“Intelligence is the ability to recognize patterns, recognize relationships, reason about it and make a prediction or plan an action. That’s what intelligence is. It has nothing to do with general intelligence, intelligence is just solving problems.”
That's Jensen Huang's definition of the word. Huang is CEO of Nvdia Corporation, an American multinational technology company incorporated in Delaware and based in Santa Clara, California. He would say that, the company invented the GPU, which uses Artificial Intelligence Computing to create interactive graphics.
A definition is an instrument of purpose. Huang's definition of intelligence reveals his purpose. His hypothesis is that “We now have the ability to write software, we now have the ability to partner with computers to write software, that can solve many types of intelligence, make many types of predictions at scales and at levels that no humans can.”
Technology's solution to solving problems: build filters. “Based on the nature of the content, the characteristics of the content, the features of the content, based on your implicit and your explicit and implicit preferences, find a way through all of that to predict what you would like to see.” This is what recommendations are.
But is it a miracle? Or is it a self-fulfilling program?
On human intelligence
If you look up the meaning of the word “intelligence,” you will find three interrelated explanations:
- The ability to acquire, understand, and use knowledge.
- Information, especially secret information gathered about an actual or potential enemy or adversary.
- The gathering of such information.
Note how it's a capacity to reason; it implies there's power associated with it.
The first known use of the word was in the 14th century. It's thus useful to learn about the context in which it was used, “the highest faculty of the mind, capacity for comprehending general truths;" c. 1400, “faculty of understanding, comprehension.”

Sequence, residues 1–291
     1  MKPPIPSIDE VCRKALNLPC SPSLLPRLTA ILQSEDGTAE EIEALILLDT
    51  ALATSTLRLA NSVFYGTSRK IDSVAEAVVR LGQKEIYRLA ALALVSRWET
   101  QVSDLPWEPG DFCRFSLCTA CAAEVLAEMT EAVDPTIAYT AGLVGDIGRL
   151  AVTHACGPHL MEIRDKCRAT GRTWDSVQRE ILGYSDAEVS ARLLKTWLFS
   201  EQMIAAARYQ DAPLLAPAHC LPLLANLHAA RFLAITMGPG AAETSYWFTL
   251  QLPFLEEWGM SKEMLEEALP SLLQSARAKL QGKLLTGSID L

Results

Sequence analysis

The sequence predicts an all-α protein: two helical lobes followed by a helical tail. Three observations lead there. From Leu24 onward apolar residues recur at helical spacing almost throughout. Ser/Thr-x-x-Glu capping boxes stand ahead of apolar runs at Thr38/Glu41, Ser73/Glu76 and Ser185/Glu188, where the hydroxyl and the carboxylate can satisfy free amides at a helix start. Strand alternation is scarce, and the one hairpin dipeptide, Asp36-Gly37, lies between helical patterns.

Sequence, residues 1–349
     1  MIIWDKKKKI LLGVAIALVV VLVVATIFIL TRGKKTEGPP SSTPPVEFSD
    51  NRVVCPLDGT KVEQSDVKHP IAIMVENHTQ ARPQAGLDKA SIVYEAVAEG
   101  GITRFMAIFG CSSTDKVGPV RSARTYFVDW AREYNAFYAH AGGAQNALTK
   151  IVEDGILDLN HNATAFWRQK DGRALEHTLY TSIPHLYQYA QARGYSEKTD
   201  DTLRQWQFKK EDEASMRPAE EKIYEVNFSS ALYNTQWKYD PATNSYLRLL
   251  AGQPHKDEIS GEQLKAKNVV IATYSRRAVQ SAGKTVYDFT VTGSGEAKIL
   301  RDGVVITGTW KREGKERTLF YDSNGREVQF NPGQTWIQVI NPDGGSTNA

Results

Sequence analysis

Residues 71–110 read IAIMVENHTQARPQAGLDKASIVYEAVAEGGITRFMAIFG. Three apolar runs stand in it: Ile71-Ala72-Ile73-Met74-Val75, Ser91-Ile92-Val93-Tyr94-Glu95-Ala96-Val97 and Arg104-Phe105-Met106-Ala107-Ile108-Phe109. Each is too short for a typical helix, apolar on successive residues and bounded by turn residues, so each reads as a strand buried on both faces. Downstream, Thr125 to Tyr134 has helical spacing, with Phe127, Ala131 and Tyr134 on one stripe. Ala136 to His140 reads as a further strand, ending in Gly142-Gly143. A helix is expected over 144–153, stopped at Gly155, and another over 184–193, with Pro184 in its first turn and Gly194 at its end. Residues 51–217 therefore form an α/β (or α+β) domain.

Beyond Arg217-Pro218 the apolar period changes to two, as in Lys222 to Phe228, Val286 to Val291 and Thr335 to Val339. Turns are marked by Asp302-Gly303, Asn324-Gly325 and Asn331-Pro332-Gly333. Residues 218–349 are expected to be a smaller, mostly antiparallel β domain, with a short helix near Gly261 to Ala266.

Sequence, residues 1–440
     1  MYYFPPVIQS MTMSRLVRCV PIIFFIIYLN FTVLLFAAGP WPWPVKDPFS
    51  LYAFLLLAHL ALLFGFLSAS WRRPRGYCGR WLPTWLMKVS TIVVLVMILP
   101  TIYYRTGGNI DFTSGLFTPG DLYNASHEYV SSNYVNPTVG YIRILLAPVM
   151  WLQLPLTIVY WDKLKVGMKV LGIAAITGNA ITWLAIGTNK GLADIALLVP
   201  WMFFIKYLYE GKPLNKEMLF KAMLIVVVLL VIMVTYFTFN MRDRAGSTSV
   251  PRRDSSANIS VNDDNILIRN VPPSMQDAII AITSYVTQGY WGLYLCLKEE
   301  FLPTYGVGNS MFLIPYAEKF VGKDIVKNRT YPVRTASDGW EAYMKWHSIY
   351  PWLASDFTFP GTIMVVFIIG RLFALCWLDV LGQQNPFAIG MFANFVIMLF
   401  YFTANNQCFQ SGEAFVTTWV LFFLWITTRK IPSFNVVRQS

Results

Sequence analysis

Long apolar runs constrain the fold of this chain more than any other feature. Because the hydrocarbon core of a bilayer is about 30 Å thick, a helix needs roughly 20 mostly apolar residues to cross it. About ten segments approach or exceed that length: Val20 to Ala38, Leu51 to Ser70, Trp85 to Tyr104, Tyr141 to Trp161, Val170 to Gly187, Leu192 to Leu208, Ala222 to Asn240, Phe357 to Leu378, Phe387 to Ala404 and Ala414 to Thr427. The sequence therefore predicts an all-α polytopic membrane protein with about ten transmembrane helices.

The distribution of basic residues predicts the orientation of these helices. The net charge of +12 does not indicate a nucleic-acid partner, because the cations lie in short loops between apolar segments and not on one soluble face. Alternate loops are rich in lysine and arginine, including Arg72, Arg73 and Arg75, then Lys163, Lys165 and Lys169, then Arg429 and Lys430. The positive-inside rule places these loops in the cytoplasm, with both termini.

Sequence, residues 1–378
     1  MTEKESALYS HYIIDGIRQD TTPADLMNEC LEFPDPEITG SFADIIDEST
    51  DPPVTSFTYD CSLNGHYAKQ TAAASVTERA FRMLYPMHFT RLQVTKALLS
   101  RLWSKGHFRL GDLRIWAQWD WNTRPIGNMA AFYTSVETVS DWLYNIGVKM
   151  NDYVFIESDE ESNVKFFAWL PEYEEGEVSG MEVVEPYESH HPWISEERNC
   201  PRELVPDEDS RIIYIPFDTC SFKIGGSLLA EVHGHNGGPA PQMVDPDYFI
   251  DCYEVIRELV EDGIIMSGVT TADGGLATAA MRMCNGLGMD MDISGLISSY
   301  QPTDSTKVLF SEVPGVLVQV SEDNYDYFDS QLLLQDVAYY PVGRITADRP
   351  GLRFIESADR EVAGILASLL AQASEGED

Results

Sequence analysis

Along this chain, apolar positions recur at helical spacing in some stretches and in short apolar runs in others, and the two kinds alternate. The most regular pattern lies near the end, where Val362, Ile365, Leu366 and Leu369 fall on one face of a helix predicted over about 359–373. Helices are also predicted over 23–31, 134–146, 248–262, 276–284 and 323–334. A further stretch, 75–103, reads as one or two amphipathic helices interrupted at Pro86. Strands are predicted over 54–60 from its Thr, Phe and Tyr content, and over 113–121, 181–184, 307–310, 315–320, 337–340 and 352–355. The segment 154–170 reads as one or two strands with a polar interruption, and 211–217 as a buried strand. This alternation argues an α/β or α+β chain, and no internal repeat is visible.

Derived from Old French intelligence (12c.) and directly from Latin intelligentia, intellegentia “understanding, knowledge, power of discerning; art, skill, taste.” In turn, this comes from intelligentem (nominative intelligens) “discerning, appreciative,” present participle of the verb intelligere “to understand, comprehend, come to know.”
Break down the action, and you have reading between. Human intelligence includes thus the ability to infer. We're used to thinking about making assumptions as a bad thing. But that's exactly what these software systems do. There's much more to the meaning of “assumption” for humans, however.
On the other end of the spectrum, human intelligence leads to insight and wisdom. Perception, learning, memory, and reasoning are part of that process, along with problem solving. We learn from experience, adapt to new situations, we can handle abstract concepts like language.
We also use knowledge to adapt. But we also use it to manipulate our environment. Whether this is good or bad depends on intent. What's your aim or purpose?
Is intelligence artificial?
Only one synonym of “artificial” expresses the meaning of something being produced by humans, rather than nature. And it, too has its origin in the late 14th century, “not natural or spontaneous,” from Old French artificial, from Latin artificialis “of or belonging to art,” from artificium “a work of art; skill; theory, system.”
All the other contexts range from fake and lack of sincerity to not of real importance and made to conform.
There's always a measure of arbitrariness in definitions. Their authority may rest on their usefulness. But when you consider definitions, be aware that they're hypotheses that embed a point of view. This can be philosophical, political, and/or related to knowledge.
So it's useful to ask: who benefits from this definition? What's their purpose?
If AI is doing the discovery, who is doing the reasoning?